“Your mommy dresses you funny,” was a great line in Kindergarten; not so much after. What you consider “funny” is someone else’s idea of style, statement, or identity. It may or may not include ripped jeans, pants at half mast, four-inch stilettos or t-shirts that say “I’m with Stupid”. Accessories like face tattoos, rainbow-colored hair, ZZ Top beards, and marijuana-leaf necklaces add to the fun.

Free expression makes this country great, but C-store operators probably find this diversity a little hard to appreciate. Their customers appreciate consistency. Owners find themselves squeezed between the “anything goes” culture outside and the need for predictability inside.

It’s your business and you have the right to be as rigid as you want when it comes to dress, especially when setting a baseline standard of neatness and cleanliness. You are serving food products so being sanitary is a must. Excessive piercings or sandals on staff may muddy that impression.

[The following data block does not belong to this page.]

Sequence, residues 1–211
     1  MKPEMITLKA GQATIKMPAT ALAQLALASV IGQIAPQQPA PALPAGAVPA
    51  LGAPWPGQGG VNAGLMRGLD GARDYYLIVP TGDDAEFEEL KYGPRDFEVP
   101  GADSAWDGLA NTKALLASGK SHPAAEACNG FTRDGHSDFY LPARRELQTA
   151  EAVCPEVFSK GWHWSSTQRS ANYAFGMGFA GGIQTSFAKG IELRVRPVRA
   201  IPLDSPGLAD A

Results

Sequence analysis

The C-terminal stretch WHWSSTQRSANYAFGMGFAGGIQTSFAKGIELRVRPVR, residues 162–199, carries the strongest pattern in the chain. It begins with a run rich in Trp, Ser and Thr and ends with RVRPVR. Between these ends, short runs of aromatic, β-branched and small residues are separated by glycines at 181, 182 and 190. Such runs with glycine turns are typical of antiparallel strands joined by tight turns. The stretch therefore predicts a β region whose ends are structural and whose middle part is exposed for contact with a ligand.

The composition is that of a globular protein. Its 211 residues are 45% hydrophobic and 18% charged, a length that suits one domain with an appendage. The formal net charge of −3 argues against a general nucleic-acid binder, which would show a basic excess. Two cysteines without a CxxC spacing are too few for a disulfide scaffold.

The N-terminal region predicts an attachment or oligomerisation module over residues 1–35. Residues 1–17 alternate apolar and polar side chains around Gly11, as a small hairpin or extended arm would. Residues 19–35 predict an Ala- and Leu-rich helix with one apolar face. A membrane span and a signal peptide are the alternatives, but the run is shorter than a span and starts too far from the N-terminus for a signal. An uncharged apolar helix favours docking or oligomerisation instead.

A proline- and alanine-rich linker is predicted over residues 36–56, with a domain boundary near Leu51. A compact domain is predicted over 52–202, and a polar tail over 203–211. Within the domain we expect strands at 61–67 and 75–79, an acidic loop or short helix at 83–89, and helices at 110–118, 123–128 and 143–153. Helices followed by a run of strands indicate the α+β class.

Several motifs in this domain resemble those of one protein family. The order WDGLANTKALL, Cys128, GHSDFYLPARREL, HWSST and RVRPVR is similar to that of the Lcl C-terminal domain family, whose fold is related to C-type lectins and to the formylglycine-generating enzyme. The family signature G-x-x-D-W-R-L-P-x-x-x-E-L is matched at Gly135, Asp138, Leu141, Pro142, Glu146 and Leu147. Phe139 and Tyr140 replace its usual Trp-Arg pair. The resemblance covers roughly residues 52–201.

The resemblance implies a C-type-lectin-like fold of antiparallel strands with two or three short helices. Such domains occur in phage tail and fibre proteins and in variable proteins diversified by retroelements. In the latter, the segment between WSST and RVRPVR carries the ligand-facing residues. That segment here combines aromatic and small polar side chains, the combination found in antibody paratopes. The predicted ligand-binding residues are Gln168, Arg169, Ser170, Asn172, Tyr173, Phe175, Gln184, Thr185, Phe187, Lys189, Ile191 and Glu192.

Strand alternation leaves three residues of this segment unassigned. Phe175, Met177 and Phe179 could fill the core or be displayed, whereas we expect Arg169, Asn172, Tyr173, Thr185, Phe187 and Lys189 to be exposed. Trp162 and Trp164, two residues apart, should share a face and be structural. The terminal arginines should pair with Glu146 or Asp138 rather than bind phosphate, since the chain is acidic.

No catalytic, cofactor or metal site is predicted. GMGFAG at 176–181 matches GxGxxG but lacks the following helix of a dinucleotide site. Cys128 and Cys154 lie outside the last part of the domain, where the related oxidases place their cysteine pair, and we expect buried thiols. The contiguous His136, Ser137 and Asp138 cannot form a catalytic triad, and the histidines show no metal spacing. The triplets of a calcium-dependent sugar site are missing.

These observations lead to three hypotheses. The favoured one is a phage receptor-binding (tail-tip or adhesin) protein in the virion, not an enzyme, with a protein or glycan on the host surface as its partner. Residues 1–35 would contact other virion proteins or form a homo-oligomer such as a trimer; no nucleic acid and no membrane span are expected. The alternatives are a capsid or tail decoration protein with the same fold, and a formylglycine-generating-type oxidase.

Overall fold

At the same time, you probably want to avoid outfitting your employees in bright and shapeless polyester smocks and paper hats that scream “I don’t want to work here”. Polo and Oxford shirts in company colors with a logo, often finished off with a pair of khakis, has become a new standard, and it’s a definite step up.

That’s just the beginning, though, as successful C-store owners are coming to understand there is nothing uniform about uniforms.

Maverik Inc., a Salt Lake City chain of 250 stores encourages employees to don adventure wear “that looks like you are going on a super cool adventure, like mountain climbing.” Spectrum Stores, a West Point, Georgia-based retailer changes its uniforms every three years. Uniform retailers offer a dizzying array of styles, including specialized design.

And in case you thought that C-store uniforms couldn’t be cutting-edge, well, there’s this.

Rastafarians, tie-died hippies and studded punk rockers will probably never be in vogue behind the C-store counter, but as the industry evolves there a growing number of alternative looks appeal to employees and prospective employees. The industry is maturing; that’s a good thing.